How do you create a culture for operational consistency? Do these things.
My career within a single company spanned 50 years as I climbed from controller to the C-suite of Cintas, a uniform rental company. Among the many lessons learned along the way included the need to define and operationalize our culture. To embed culture, it must be institutionalized.
At Cintas, our culture consisted of three components:
• A principal objective, which involved taking care of our partners (employees) so that they could do best job possible for customers and shareholders;
• Corporate character, which can be summed up as absolute professionalism;
• Management systems, or the policies and procedures under which we operated.
Having a principal objective simplified decision-making. Rather than considering multiple factors or weighing many potential outcomes, we only had to consider which approach would result in exceeding customer expectations and maximizing long-term value for shareholders and partners.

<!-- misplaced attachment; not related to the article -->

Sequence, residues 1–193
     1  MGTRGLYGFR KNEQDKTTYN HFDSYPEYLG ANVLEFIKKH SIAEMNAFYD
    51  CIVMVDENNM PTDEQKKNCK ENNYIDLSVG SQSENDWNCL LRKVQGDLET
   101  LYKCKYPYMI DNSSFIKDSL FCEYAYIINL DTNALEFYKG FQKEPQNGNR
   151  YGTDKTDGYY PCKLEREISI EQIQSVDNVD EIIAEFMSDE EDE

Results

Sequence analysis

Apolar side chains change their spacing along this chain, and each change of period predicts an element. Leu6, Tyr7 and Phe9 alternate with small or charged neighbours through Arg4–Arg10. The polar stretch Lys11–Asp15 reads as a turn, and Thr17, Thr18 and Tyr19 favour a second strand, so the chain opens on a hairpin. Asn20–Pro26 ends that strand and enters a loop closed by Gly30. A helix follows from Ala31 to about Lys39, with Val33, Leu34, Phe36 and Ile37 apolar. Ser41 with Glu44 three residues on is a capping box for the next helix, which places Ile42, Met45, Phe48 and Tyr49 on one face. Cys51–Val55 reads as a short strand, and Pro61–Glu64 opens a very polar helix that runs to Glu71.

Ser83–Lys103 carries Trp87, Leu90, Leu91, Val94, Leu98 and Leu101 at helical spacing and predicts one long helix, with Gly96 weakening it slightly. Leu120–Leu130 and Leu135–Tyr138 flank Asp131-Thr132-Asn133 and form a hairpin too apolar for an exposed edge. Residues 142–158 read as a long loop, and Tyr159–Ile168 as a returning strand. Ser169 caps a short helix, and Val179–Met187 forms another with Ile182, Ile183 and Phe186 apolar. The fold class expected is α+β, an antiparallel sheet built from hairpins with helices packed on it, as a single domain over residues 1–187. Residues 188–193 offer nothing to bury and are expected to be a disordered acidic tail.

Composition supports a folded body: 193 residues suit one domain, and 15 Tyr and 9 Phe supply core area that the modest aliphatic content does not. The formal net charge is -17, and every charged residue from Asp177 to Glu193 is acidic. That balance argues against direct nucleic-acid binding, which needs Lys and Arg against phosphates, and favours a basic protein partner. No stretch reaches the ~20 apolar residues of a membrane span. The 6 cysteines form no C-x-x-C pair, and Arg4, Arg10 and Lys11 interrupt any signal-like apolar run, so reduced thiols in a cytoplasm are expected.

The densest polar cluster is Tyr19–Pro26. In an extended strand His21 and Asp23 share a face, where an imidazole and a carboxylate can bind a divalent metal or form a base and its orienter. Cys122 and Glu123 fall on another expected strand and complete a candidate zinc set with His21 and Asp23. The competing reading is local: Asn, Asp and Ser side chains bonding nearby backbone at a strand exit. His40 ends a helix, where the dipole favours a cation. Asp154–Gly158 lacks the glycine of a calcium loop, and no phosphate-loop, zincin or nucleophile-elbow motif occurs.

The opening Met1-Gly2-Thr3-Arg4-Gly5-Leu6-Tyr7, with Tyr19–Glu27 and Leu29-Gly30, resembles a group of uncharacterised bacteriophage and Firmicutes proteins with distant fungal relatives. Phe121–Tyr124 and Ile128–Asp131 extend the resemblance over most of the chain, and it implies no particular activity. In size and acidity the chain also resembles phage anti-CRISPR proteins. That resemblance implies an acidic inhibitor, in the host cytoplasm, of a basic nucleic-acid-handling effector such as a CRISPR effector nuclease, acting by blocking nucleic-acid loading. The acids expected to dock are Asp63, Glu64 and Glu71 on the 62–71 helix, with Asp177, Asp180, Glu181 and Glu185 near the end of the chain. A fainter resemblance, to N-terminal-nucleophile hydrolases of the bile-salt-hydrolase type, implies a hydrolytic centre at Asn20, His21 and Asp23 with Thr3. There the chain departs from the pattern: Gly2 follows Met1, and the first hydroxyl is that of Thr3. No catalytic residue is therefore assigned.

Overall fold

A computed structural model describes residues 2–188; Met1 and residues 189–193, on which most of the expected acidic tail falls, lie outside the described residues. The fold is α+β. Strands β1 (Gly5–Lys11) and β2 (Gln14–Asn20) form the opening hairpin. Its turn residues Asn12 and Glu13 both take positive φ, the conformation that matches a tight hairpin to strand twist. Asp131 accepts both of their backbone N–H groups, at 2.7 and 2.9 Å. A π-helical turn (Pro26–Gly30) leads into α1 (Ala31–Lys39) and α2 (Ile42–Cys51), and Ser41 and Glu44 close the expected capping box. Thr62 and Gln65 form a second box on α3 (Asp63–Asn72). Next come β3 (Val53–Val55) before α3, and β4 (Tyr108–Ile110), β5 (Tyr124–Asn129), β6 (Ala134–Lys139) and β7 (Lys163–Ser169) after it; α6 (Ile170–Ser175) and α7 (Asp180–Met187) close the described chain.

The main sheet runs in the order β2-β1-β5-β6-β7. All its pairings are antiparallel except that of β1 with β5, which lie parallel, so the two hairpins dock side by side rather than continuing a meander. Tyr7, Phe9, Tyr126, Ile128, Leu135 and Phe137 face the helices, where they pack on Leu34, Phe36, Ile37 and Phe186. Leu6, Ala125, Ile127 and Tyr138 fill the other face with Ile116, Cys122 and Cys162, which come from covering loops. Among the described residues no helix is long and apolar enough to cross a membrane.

Also, we referred to employees as “partners” at Cintas. Defining and articulating our corporate character to our partners and employment candidates provided a clear vision of how we wanted our organization to function.
Additionally, we determined that without management systems and specific guidelines in place, there’s no control within an organization. Management may believe they’ve clearly laid out instructions for how work is to be done, but unless it’s committed to writing and communicated, it’s very likely that separate teams or business units or facilities will operate differently from one another. Realizing this led us at Cintas to write an operations booklet, The Spirit Is the Difference, providing a brief history of the company, describing what it was like to work at Cintas, and articulating what was important to us as an organization.
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